And the olympic winner is… the Soviet Union?

With the Olympics wrapping up many countries will be looking at the final ranking and assessing how well they did. Already the spin wars are brewing. A few American newspapers are trying to talk up a favourable story for the United States by emphasizing certain aspects of America’s medal tally: more gender parity in its medals, lots of team medals which only count for one even though lots of athletes get medals.

Others – including some other American newspapers and the official Olympics Medal Standings – recognize the dramatic rise of China and prioritize rank according to Gold Medals won.

But for all the talk of the rise of China and its challenge to the United States, one simple fact remains, much of this jostling for position is made possible because the USSR has been wiped off the map.

Indeed what is amazing – and has gone relatively ignored –  is how well the USSR would have done at the Beijing games were it still intact.

Admittedly it would still have trailed China in Gold Medals won – 44 (USSR) to 51 (China) – but it would still have bested the United States 36. However, it is over in total medals won where the USSR would have crushed everyone. Combined, the countries of the former Soviet Union won an astounding 175 medals in Beijing, leaving both America (110) and China (100) far in its (theoretical) wake. Indeed even using the New York Times scoring system (gold = 4 points, silver=2 points and bronze=1 point) the mighty USSR athletic machine would again crush the competition 353 points to China’s 274 and America’s 256.

What makes this feat all the more impressive is that their combined population has not grown (indeed it is in decline in most places), nor, I imagine, has funding for sports likely improved all the much. If anything, things are likely more difficult vis-a-vis funding – particularly in relation to the sums invested by the Americans and the Chinese. A sporting generation has passed since the Soviet Union collapsed in 1991 – indeed many of those competing probably can’t even remember those calamitous events 17(!) years ago. What keeps the USSR a formidable Olympic contender? Is it the social capital of trainers, coaches and professionals, is the the legacy of physical infrastructure or a political culture that rewarded athletic excellence? It would be interesting to know – somehow a centrally planned approach for creating Olympic success has survived its apparent balkanization and decent into decentralization exceedingly well.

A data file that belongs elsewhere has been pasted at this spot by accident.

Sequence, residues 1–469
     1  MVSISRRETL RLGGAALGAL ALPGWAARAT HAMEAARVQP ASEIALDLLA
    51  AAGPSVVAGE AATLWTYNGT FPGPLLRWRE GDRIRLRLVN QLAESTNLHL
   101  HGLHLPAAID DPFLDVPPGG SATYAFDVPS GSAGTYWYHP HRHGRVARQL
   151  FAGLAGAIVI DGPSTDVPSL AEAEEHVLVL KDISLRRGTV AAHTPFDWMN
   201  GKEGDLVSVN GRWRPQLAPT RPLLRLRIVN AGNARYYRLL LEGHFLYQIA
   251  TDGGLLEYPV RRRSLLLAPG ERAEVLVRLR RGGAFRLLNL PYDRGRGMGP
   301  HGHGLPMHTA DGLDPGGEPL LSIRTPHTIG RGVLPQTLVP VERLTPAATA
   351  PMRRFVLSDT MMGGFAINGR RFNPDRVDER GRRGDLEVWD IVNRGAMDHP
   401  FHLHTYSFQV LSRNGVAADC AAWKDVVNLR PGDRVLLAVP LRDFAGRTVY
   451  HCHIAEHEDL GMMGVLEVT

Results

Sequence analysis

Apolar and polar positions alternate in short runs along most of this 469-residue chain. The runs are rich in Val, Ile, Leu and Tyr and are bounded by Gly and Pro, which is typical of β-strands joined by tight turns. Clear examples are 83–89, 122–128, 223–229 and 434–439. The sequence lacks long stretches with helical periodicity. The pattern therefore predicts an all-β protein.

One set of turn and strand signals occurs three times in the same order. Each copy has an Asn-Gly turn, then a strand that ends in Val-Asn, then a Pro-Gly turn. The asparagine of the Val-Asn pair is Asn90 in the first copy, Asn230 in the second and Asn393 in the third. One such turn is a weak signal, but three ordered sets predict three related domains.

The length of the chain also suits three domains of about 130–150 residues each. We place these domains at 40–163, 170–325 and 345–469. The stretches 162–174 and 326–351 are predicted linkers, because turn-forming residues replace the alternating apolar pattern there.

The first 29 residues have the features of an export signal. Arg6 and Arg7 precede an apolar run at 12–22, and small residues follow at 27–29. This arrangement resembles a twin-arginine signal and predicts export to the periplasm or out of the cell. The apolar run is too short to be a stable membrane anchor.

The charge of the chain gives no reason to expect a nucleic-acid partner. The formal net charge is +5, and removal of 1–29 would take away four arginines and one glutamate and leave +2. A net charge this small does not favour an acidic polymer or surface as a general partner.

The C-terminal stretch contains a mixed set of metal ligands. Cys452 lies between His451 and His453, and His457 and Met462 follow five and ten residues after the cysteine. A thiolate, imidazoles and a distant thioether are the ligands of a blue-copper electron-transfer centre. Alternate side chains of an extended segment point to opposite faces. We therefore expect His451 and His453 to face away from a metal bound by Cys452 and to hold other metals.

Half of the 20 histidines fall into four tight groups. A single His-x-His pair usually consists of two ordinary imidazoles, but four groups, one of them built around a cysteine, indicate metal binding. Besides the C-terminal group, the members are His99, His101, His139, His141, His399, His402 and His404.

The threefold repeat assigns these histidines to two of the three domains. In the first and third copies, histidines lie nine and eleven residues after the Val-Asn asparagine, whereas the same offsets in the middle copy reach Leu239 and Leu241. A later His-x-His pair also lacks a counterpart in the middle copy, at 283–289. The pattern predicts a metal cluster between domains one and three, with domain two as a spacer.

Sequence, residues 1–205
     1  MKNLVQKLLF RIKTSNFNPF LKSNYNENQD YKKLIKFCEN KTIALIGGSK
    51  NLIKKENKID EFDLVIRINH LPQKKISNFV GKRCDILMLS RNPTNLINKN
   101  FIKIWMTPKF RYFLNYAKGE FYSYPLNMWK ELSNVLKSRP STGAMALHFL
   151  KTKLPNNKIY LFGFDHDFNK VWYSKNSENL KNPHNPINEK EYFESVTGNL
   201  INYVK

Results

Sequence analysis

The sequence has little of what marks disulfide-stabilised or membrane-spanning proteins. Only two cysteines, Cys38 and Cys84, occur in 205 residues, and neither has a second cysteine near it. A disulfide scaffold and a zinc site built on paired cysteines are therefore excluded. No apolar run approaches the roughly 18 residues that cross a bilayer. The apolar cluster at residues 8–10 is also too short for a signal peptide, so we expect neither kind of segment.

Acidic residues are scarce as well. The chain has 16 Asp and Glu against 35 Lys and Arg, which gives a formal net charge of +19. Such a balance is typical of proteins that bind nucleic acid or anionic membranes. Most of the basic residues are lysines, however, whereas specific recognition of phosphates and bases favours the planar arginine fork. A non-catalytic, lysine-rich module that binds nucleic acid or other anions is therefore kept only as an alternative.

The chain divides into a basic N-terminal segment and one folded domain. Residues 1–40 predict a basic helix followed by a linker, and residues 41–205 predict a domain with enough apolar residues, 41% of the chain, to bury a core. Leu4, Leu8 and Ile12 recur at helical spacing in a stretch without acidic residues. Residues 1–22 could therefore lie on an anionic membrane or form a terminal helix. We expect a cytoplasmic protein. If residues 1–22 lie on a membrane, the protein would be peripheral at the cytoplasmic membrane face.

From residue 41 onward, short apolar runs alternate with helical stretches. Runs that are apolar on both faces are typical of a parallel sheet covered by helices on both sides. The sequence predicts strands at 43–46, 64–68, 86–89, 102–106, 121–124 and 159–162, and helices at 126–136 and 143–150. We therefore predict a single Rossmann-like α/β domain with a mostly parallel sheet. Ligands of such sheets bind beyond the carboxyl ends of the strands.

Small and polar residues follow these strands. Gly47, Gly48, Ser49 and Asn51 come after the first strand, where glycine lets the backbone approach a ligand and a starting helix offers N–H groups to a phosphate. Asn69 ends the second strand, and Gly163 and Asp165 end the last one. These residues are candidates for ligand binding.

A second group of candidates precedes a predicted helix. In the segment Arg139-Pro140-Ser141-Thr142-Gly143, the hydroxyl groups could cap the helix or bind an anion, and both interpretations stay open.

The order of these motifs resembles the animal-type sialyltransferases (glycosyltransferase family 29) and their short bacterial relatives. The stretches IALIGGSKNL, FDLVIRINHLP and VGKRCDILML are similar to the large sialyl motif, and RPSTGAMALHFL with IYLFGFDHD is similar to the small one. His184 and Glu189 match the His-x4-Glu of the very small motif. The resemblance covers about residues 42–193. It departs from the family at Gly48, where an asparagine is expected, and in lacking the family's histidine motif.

The table below, and so much of the work for this post, was done by Richard Dice who tabulated all the data and kindly forwarded it to me. Thank you Richard.

Current Rankings
Gold Silver Bronze Total
USA 1 36 38 36 110
China 2 51 21 28 100
Soviet Republics Rankings
Gold Silver Bronze Total
Russia 3 24 21 28 73
Ukraine 9 7 5 16 28
Belarus 13 4 5 10 19
Kazakhstan 19 2 4 7 13
Azerbaijan 27 1 2 4 7
Lithuania 27 0 3 4 7
Georgia 31 3 0 3 6
Uzbekistan 31 1 2 3 6
Armenia 31 0 0 6 6
Latvia 51 1 1 1 3
Estonia 57 1 1 0 2
Kyrgyzstan 57 0 1 1 2
Tajikistan 57 0 1 1 2
Moldova 69 0 0 1 1
USSR 44 46 85 175
Hypothetical Ranking by Medals
Gold Silver Bronze Total
USSA 1 44 46 85 175
USA 2 36 38 36 110
China 3 51 21 28 100
Hypothetical Rankings by Golds
Country Golds Ranking
China 51 1
USSR 44 2
USA 36 3
Hypothetica NYT Rankings
Country Medal Points Ranking
USSR 353 1
China 274 2
USA 256 3

4 thoughts on “And the olympic winner is… the Soviet Union?

  1. james

    Cool Medal Count!I saw something similar done with the EU27.I'm mostly interested in medals won per capita.I found this widget that displays who won the 2008 Olympics from different perspectives.It displays medals won by total medal count and gold count.In addition it can show medals won per million inhabitant and per million dollar GDP.I think you might like it:-)http://www.youcalc.com/apps/1219403616554?appli…Its easy to put on your blog A straight medal count isn’t necessarily the most fair:-)

    Reply
  2. anon

    I suggest that the general population of countries that fall under the “former” umbrella, whether it's former USSR or former Yugoslavia or wherever, succeeds so surprisingly often as a result of those people's desire to prove their worth. If you're a recently independent nation, especially one that has been seeking such status for some time, you're pretty damn motivated to get out there and show your former compatriots / rivals / civil war opponents who's boss; and they're in the same boat, which provides the competition that raises everyone's games to new heights – often times past the heights of more stable, western nations.

    Reply
  3. anon

    I suggest that the general population of countries that fall under the “former” umbrella, whether it's former USSR or former Yugoslavia or wherever, succeeds so surprisingly often as a result of those people's desire to prove their worth. If you're a recently independent nation, especially one that has been seeking such status for some time, you're pretty damn motivated to get out there and show your former compatriots / rivals / civil war opponents who's boss; and they're in the same boat, which provides the competition that raises everyone's games to new heights – often times past the heights of more stable, western nations.

    Reply

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